Although you are not able to enforce a patent application through the courts until it has been granted, after it is granted the Canadian Patent Act allows you to seek reasonable compensation for infringements that occurred in the period between when your patent application was published and when your application was granted. Typically, most applications are published 18 months after the earliest priority date or filing date. The courts have held “reasonable compensation” to mean a reasonable royalty, meaning the award is likely to reflect whatever compensation might have been negotiated if the infringer and the patent owner had negotiated a licence. A patent pending notice lets potential competitors know that they could be liable for such damages if they proceed to copy your invention, even though it is not yet patented. It is important to keep in mind, however, that evidence of harm suffered by the patent owner is required, and applicants should therefore keep any relevant records. Further, the patent owner is only entitled to compensation if the claims in the granted patent are essentially identical to those in the published patent application. Other factors that may affect the determination of compensation to the patent pending holder include the relevant time period covered by reasonable compensation, whether or not the pre-grant published claims were subsequently invalid or amended, and whether there were periods of where the patent application was abandoned.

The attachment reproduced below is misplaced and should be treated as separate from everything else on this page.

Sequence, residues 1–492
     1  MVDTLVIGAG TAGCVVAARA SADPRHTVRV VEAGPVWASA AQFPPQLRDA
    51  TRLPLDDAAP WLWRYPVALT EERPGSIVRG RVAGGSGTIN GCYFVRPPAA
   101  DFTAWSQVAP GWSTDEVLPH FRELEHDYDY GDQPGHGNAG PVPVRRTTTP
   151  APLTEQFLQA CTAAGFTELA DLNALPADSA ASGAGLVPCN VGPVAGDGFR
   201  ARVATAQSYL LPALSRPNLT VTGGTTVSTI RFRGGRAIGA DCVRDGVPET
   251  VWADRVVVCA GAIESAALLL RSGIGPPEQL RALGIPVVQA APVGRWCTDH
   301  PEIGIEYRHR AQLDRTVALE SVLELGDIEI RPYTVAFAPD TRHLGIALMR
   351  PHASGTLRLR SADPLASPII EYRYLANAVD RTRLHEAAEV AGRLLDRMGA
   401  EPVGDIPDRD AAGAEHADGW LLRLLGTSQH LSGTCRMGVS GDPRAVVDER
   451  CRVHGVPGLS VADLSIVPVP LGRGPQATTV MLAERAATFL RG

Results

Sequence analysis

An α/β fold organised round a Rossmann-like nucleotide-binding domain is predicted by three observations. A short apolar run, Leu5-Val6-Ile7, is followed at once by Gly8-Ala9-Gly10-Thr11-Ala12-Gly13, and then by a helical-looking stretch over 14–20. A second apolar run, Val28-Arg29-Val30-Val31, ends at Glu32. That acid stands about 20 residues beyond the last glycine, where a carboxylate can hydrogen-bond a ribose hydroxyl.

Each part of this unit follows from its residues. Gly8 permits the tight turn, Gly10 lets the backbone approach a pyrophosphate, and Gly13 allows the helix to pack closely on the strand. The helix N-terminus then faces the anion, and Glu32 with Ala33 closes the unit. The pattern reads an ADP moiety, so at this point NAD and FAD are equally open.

You can further enhance these deterrent effects by seeking early publication of your patent application and by seeking expedited examination of your application. Early publication will trigger sooner the period during which any action which would infringe the later-issued patent is compensable following its grant, as set out above. Expedited examination, on the other hand, fast-tracks your application so that you have a legally enforceable patent as soon as possible. For reference, whereas patent applications are normally examined within 20 months of filing, applications that have been expedited are examined within 3 months. An application may be expedited on the basis that it is related to green technology of environmental importance, that substantially the same set of claims has been found allowable in certain other jurisdictions (i.e., if you have a corresponding patent application with one or more of Canada’s Patent Prosecution Highway (PPH) partners) , that it claims an invention related to medical products and processes supporting the response to COVID-19, or that examination according to the usual timeline could prejudice the applicant. Fees apply in some cases.


Notifying the public of your patent application has many benefits. While it is important to balance benefits against potential risks, including the risk that the notice will motivate a competitor to design around your claimed invention, notification often allows a patent applicant to maximize the benefits of a well-drafted patent application.

If you would like to discuss whether applying for a patent is right for you or your business, contact us now for a complimentary and confidential initial telephone appointment with a member of our team.